Shattered Lives Radio: Victim Impact Statement Reverses Parole

 

 

 

Shattered Lives Radio

On a recent episode of Shattered Lives Radio, I was privileged to discuss yet another discrepancy in the Connecticut Pardon and Parole system. As you may remember, my own family’s experience with a parole hearing left us out in left field, scrambling at the last minute to insure that my father’s murderer stayed behind bars.

For the surviving family members of slain Plainville, CT police officer, Robert Holcomb, the incompetence and lack of communication from the Pardon and Parole Board, created the perfect storm and Holcomb’s murderer was granted parole in January, 2015.

Slain Plainville, CT police officer Robert Holcomb

Robert Holcomb

Family members of officer Holcomb were not notified of the upcoming parole hearing and therefore were not in attendance when it was granted. However, they immediately asked for another hearing, it was granted, and the parole was rescinded after hearing the statements of surviving family members.

One of the most influential aspects of the recission hearing was the victim impact statement read by Holcomb’s son, Mac, who was only 3 years old at the time of his father’s murder.  Mac Holcomb Victim Impact Statement (download pdf)

The Shattered Lives Radio episode speaks with Mac Holcomb, his cousin Maria Weinberger, and Plainville Chief of Police, Matt Catania who has become a valued family friend as well. We were able to bring to light many of the mistakes of the Pardon and Parole Board which has had negative influence on the Holcomb family, my family, and countless others we don’t even know about.

Shattered Lives Radio Points of Discussion

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  • You don’t know what you don’t know.  The fact that as a new crime victim they typically are not versed in criminal or judicial procedures.  They also are not familiar with how to navigate the bureaucracies of state agencies, their protocols or websites.
  • Who is a victim? Is it only immediate family vs. extended family?
  • The role of victim impact statements according to Mac Holcomb, nearly forty years later.
  • The police community and seeking justice according to Chief Matt Catania.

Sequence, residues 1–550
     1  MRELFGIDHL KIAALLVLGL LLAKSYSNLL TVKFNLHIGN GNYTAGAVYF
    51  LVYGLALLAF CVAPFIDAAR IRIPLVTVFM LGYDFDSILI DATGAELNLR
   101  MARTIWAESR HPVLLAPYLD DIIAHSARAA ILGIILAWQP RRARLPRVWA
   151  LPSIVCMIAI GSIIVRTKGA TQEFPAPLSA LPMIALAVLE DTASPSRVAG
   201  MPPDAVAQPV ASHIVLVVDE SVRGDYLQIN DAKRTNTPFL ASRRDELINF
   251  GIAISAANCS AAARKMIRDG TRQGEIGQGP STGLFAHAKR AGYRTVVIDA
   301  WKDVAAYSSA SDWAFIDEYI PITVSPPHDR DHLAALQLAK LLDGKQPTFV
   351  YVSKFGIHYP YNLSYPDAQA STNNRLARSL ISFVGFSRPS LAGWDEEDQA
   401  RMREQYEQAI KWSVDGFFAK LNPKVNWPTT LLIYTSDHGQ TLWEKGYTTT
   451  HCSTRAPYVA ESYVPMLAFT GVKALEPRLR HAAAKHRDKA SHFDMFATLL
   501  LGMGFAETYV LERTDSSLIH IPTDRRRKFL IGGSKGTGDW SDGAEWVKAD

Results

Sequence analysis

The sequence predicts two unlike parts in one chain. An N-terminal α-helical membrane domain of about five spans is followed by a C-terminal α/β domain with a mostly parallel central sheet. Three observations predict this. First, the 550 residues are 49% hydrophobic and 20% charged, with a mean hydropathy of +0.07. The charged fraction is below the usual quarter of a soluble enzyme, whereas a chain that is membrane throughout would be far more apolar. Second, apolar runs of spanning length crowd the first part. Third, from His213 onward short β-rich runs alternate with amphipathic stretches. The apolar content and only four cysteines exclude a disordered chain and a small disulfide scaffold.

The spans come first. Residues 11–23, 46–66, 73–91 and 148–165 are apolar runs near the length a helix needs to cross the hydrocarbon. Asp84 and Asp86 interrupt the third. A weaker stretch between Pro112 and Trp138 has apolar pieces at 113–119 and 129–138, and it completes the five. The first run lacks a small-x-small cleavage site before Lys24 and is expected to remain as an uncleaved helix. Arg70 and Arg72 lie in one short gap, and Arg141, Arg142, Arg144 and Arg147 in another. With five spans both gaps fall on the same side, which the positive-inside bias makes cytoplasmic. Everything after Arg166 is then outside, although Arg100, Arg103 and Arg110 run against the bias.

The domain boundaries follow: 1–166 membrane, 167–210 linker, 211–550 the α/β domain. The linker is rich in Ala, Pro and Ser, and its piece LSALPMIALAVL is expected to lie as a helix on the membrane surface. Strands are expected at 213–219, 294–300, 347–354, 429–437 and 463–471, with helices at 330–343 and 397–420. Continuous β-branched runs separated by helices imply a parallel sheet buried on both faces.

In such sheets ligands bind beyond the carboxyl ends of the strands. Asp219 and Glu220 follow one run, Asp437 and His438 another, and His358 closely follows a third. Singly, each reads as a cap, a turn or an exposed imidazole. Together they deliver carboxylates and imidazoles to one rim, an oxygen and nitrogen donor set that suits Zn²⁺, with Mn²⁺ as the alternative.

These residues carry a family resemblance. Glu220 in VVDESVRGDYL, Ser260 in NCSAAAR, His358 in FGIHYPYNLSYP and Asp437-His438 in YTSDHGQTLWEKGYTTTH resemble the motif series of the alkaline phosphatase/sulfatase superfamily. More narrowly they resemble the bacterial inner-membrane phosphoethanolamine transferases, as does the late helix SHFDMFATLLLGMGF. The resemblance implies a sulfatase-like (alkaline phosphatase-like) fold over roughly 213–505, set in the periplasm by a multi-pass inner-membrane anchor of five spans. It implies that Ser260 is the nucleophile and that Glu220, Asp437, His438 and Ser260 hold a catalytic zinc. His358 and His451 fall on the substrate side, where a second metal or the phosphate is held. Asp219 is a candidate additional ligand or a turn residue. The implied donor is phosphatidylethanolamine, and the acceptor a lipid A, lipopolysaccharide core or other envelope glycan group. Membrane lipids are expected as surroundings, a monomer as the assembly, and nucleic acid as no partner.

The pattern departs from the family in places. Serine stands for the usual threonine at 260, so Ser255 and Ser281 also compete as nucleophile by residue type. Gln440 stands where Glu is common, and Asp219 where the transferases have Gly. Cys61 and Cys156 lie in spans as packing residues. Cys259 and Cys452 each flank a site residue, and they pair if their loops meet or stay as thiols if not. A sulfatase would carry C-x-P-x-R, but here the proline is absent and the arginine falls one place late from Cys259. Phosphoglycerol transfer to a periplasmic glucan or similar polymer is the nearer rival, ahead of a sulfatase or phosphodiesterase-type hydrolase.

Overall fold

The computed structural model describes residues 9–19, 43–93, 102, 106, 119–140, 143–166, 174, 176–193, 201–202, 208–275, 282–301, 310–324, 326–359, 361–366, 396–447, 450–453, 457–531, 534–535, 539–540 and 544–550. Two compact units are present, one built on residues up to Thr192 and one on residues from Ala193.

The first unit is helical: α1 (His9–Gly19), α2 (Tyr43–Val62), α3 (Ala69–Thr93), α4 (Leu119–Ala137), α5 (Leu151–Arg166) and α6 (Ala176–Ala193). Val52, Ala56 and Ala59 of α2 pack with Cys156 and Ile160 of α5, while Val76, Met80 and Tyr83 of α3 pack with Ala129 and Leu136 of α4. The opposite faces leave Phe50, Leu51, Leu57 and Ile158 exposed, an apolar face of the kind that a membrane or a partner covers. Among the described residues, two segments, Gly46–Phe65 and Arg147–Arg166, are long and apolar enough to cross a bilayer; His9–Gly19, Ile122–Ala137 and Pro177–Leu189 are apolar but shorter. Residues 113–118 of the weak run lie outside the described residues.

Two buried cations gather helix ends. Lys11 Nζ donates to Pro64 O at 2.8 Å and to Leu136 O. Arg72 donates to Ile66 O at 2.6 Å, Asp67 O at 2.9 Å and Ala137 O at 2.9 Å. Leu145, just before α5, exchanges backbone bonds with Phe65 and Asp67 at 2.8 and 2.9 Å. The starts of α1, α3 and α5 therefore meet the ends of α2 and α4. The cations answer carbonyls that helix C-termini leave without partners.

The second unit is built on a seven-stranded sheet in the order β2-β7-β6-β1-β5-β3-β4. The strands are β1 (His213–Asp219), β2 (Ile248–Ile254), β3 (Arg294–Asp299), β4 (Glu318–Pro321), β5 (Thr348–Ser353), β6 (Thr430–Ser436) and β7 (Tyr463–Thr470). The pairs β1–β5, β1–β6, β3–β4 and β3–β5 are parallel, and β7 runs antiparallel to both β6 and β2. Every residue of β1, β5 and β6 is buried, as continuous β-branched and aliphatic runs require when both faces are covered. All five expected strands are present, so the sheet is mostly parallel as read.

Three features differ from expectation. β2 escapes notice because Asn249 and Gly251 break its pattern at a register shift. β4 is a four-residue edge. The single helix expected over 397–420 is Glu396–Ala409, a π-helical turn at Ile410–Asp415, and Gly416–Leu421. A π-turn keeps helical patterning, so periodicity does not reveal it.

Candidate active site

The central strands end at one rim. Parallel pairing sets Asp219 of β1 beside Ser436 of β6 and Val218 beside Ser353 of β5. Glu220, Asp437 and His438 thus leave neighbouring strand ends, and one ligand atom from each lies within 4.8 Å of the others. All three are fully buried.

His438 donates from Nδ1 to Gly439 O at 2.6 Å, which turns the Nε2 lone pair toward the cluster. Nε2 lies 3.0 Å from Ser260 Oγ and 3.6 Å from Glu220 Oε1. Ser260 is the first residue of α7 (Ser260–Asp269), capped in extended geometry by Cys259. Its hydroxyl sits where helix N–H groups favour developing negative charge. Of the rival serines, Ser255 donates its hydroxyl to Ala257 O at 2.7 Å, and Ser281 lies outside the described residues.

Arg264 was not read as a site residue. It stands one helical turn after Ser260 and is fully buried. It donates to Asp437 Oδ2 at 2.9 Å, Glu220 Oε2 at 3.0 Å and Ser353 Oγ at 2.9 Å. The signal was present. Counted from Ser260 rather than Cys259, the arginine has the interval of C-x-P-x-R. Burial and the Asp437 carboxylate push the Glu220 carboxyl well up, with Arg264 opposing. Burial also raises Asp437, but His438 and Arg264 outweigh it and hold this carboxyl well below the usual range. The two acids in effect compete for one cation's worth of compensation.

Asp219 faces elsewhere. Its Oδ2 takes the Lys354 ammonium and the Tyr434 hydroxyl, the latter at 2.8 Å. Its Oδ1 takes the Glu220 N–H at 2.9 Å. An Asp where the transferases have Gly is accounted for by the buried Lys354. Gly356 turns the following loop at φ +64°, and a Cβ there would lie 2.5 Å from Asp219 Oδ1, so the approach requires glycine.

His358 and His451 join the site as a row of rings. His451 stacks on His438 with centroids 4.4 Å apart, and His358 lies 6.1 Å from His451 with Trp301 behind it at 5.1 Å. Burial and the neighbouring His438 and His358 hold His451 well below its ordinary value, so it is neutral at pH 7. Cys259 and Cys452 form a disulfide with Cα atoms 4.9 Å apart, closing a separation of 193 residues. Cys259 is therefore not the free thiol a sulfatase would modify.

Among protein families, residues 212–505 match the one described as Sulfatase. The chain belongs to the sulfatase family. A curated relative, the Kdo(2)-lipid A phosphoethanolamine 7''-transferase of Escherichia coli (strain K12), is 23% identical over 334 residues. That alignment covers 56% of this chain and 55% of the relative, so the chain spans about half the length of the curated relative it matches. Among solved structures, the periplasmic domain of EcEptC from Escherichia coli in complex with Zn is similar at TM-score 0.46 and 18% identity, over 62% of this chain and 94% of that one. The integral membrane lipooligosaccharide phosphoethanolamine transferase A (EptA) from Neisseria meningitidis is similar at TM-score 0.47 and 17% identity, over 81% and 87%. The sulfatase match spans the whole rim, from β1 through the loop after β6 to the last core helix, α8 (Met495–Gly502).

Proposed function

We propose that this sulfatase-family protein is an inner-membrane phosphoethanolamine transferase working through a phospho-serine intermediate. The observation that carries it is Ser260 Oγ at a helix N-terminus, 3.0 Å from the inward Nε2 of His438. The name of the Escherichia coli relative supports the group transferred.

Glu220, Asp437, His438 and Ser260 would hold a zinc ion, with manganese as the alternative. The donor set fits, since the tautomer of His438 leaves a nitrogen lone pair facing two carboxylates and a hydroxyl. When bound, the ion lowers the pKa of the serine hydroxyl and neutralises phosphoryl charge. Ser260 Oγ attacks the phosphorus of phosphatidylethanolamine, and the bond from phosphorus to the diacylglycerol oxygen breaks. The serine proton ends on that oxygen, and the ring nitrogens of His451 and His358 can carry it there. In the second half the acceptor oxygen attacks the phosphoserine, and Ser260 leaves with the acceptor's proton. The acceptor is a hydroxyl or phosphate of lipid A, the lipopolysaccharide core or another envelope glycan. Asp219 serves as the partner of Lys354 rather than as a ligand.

• Creating a victim’s voice, what’s missing?  New beginnings for the future, i.e. legislative recommendations such as earlier notification for victims, examining the appointment and eligibility process of hearing officers, continuing education, etc.
  • Maria Weinberger offers a list of legislative recommendations to address Parole Board Reforms (download pdf)
  • Lessons to be learned for the future.  From a previous Shattered Lives Radio episode, Atty. Michelle Cruz offers several ideas from her experience as the CT State Victim Advocate.

In my opinion, one of the most important lessons learned from the Holcomb family experience, and my own, is the critical need for crime victims to be heard through preparing a victim impact statement. Often, it’s the only time their concerns are able to be voiced.

One way I feel I can help victims who are desperately trying to navigate the judicial system is by offering a Victim Impact Statement Assistance Service. If you are a crime victim, I invite you to learn more about my service by referring to my website for details.

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Victims’ Wish List

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On Saturday, May 9, 2015, it wasn’t a case of “too many cooks spoil the broth” on Shattered Lives Radio– it was “many cooks make the broth” when crime victim advocate put their heads’ together on behalf of the public!